Badger cubs are born as early as the second half of December, although the peak period is during the beginning of February, with the majority of the cubs born by early April.
Litter size ranges from one to five cubs, although two or three cubs are most common. The cubs stay below ground and do not emerge from the sett (den) until they are at least eight and sometimes nine or ten weeks’ old. The weaning of the cubs begins with the feeding of regurgitated worms by the mother. Many cubs are weaned by early May and almost all by the start of July, although they may continue to be dependent on, and sometimes search for food with, their mother for some time.
If you see a lone badger cub, here are some tips to help you decide how best to assist it:
- It is unlikely that badger cubs will be seen above ground unless it is at night. If this is the case, then withdraw and keep an eye on the situation from a distance. As with any wild animal, contact with humans should be kept to a minimum and in the vast majority of cases it is best to leave the animal alone. You should leave the area and return 24 hours later.
- If you are concerned that there are no adult badgers with the cubs, leave a supply of dog food and water nearby, and check again in 24 hours. During dry weather, cubs may be seen more frequently during the day, due to a shortage of their main food, earthworms. If this is the case, leaving food out daily, until the next heavy rain, will help them survive this difficult period.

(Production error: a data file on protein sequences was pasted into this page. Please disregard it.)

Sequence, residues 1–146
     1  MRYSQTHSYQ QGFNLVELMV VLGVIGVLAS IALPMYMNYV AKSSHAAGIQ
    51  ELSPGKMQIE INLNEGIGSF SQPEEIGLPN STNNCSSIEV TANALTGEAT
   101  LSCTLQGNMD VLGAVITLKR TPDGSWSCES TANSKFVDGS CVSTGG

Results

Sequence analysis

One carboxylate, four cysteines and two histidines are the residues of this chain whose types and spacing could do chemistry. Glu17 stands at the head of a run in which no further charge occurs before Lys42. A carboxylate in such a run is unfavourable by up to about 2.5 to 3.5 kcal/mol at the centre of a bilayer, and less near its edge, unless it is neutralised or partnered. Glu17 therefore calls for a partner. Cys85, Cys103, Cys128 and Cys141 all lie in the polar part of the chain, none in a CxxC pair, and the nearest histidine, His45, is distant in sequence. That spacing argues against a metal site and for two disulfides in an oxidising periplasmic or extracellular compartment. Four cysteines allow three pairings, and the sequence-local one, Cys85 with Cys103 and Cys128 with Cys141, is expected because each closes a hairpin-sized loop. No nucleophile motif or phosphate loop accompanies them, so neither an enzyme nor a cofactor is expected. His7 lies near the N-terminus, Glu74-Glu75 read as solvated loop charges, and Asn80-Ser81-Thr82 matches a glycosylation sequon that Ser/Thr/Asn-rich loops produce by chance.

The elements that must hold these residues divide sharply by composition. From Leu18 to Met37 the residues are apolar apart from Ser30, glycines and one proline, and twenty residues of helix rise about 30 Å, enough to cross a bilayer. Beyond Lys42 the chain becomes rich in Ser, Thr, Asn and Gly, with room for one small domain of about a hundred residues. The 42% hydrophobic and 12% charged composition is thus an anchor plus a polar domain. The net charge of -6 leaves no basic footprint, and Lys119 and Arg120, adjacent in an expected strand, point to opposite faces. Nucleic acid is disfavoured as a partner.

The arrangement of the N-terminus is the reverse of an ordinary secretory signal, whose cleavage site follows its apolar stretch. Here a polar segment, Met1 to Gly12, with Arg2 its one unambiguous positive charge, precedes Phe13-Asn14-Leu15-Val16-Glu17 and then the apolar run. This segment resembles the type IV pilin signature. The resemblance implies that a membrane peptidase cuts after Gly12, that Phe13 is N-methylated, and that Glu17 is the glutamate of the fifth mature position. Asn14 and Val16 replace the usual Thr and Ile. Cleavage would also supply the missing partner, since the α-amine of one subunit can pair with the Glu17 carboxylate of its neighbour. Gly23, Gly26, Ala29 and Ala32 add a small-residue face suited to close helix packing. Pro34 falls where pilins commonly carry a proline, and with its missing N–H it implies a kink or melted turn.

- If the cubs are in immediate danger or there are obvious signs that the sett has been dug out and damaged, then withdraw and contact the RSPCA via our 24-hour cruelty and advice line 0300 1234 999, making a note of the precise location. DO NOT attempt to handle the cubs as they may bite.
IMPORTANT: Badgers are covered by the Protection of Badgers Act 1992 which lays down provisions protecting badgers and their habitat. The badger legislation only allows a person concerned for an injured animal to pick it up by hand. If an injured animal requires treatment and can’t be caught without the use of a trap, then a licence would be required from the relevant statutory nature conservation agency.
For more information about badgers, read our Living with badgers (PDF 203KB) factsheet.
Caution:- Handling of any animal either domestic, wild, dead or alive may be potentially hazardous. Obvious dangers include bites, scratches and general hygiene issues. Common sense should be applied in all instances and, if unsure, seek additional advice or assistance. Personal hygiene should be taken into consideration after handling any animal, whether it is domestic, wild, dead or alive.
Follow the links for more advice on orphaned wild animals and legal protection of badgers.